Emotionality, Emotion Understanding, and Emotion Regulation
Since the publication of early seminal work on frustration and aggression (Dollard, Doob, Miller, Mowrer, & Sears, 1939) many authors continue to emphasize the role of emotions in the etiology of aggression (e.g., Baumeister & Bushman, 2007; Beck, 1999; Bernard, 1990; Huesmann & Eron, 1992). Strangely, emotions are rarely acknowledged in the criminological literature on violence.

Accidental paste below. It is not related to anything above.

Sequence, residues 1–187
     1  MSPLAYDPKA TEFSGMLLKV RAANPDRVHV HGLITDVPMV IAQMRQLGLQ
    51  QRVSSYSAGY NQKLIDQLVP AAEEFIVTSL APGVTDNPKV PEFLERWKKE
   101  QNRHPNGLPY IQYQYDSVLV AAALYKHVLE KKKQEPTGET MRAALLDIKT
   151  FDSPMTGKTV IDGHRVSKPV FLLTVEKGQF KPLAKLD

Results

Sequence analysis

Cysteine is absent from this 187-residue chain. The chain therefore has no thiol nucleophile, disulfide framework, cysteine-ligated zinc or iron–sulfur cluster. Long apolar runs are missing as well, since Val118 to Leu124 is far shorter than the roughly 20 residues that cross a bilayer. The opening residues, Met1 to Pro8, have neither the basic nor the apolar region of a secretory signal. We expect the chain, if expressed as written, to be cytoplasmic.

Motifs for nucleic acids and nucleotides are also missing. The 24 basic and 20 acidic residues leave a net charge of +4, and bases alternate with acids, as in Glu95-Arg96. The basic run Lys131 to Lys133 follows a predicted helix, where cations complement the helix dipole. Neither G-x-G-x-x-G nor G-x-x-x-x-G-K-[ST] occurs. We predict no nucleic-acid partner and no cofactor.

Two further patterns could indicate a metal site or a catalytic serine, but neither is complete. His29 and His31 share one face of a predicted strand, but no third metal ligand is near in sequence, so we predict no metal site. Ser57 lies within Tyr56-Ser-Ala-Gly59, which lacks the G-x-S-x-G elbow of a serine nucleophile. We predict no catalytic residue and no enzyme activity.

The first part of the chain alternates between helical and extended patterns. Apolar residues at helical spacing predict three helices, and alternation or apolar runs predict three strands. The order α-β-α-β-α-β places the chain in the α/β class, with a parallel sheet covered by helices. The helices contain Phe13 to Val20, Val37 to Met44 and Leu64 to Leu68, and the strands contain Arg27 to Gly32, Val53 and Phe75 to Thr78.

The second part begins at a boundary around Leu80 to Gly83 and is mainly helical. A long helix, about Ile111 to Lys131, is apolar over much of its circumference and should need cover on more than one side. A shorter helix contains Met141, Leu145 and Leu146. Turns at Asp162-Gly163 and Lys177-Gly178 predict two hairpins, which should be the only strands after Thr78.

One might speculate, given what we know about brain plasticity and the programming model, that a sensitive period for affective development exists, and that affectional, emotional interactions set the stage for later emotional life. The programming model might suggest many examples; for example, the lack of proper emotional stimulation in infancy may lead to long-t erm overresponsiveness, given that the infant’s nervous system has been set at low levels. The brain seems to be designed for a range of possible emotional lives, and it could be reasoned that low levels of emotional interaction during a sensitive period would lead to the loss of synapses needed for processing future emotional exchanges. Though we could postulate that an enriched emotional life might change this, there is no empirical data to tell us if this is so. There are three aspects of human emotionality that bear upon the question of whether a particular individual is likely to commit a serious violent act or to be persistently violent: negative emotionality, emotion understanding, and emotion regulation.